Audiophiles won’t be fans of this vehicle, because while it did have a harman/kardon premium audio system, all that carbon-fiber (plus some cheap plastic bits) would vibrate uncomfortably if the song you’re listening to leans more towards base. However, maybe the vehicle is just telling you to turn down the volume, and enjoy its mechanical symphony.
Powertrain: If the styling and interior didn’t win you over, the engine surely will!
The Stelvio Quadrifoglio features a twin-turbocharged 2.9L V6, which is built by Ferrari specifically for Alfa Romeo. This motor produces 505 hp and 443 lb-ft of torque, and sounds like a race car when being pushed. Power is fed to an intelligent all-wheel drive system via an eight-speed automatic transmission.
Performance & Driving Dynamics: In any driving condition, the performance of the Stelvio Quadrifoglio is impressive. In the right conditions, it blows your head off!
I’m talking here about an SUV that can top out at about 280 km/h, and sprint from 0 to 100 km/h in just 3.6 seconds – that means it’s quicker (although, not faster in the top end) than some legendary supercars such as the Lamborghini Diablo 6.0, the Porsche Carrera GT, and the Ferrari F50 (plus many others). In fact, the Stelvio Quadrifoglio can shame (or at least, keep up with) many performance cars made even today – the difference is, in this your family can come too.
You’ll never need to buy passes for an amusement park, if you have this vehicle, because it is more thrilling – and faster – than any roller coaster. Good thing than that the brakes are equally as good at bringing you to a halt! The optional Brembo carbon-ceramic brakes on my tester lacked feel, but they sure worked really well when you had to stand on them.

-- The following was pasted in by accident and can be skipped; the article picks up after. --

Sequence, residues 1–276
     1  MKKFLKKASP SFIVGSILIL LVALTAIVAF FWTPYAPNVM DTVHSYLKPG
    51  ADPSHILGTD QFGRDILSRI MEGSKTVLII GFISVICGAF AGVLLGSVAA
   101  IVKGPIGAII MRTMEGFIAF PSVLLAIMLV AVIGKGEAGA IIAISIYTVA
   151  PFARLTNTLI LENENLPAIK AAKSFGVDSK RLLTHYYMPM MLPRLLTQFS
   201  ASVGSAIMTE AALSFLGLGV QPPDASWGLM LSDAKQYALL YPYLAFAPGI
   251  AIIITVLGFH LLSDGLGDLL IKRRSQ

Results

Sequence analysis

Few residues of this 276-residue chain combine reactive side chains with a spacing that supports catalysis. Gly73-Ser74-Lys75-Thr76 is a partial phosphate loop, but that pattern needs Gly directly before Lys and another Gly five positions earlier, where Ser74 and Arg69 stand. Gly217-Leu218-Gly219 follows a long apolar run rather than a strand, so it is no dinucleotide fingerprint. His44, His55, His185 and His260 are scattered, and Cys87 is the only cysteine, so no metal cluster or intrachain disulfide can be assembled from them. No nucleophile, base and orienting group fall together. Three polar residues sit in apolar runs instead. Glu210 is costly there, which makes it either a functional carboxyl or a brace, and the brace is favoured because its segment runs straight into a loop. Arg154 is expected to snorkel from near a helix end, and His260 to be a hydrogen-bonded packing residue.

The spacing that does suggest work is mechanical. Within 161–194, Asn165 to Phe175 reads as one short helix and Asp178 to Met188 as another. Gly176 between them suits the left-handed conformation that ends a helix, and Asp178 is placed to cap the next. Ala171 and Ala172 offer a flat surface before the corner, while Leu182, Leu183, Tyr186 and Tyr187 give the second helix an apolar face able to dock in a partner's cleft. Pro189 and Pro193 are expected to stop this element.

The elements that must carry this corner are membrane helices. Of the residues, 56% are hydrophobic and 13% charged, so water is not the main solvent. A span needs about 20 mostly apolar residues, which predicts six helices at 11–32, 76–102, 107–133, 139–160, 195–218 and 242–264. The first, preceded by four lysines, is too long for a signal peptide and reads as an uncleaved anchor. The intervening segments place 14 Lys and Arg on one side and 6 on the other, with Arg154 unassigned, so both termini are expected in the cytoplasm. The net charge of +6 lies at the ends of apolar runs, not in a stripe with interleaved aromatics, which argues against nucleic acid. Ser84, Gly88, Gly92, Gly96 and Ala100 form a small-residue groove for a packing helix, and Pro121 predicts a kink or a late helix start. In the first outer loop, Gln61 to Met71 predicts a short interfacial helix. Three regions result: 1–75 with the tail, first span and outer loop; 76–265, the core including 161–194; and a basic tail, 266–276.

If the acceleration and braking doesn’t pop your eyes wide open, than its cornering grip certainly will. This vehicle – thanks to its active all-wheel drive system – goes around corners (as the old cliché says) like its on rails! It really does.
Sure, there is usually a price to pay for this kind of performance and handling, and that’s usually ride comfort, and yes, in its sportiest “RACE” setting, it is very, very stiff. Thankfully, however, it does have electronically adjustable suspension dampers, and by simply pressing one button, you can restore the comfort setting, which immediately changes the ride comfort. So, you can keep the engine working hard in its most dynamic setting, but still enjoy a comfortable ride – this Stelvio can do it all.
Fuel Economy: Activate economy mode and it offers reasonable fuel economy – although, Ferrari doesn’t really build engines that are the most eco minded!
In my test cycle (170 km of highway driving + 130 km of city driving) the Stelvio Quadrifoglio averaged 13.6 L/100 km. Given that it’ll only drink the finest of premium fuels, this vehicle is not going to be cheap to run, but then, if you can afford one, fuel prices aren’t going to be of much concern to you!
Pricing: The base price for the 2019 Alfa Romeo Stelvio Quadrifoglio is $95,000. Factor in all the options on my test vehicle, and the as tested price came to $114,906 (including destination charge of $2,595).
So, not cheap, even when compared to other high-performance SUVs or CUVs.
Verdict: If you’re a logical, sensible person, than the Alfa Romeo Stelvio Quadrifoglio would likely not appeal to you. It isn’t the largest vehicle you can buy for the money, nor is it the most comfortable or tech savvy.
However, if you’re a defiant personality, and values entertainment over almost everything else, there might not be a vehicle more suited for you than this bonkers fast Italian box on wheels – 20 inch phone dial wheels to be exact!
I love it, and want one – jus ake mine with the standard seats, thanks!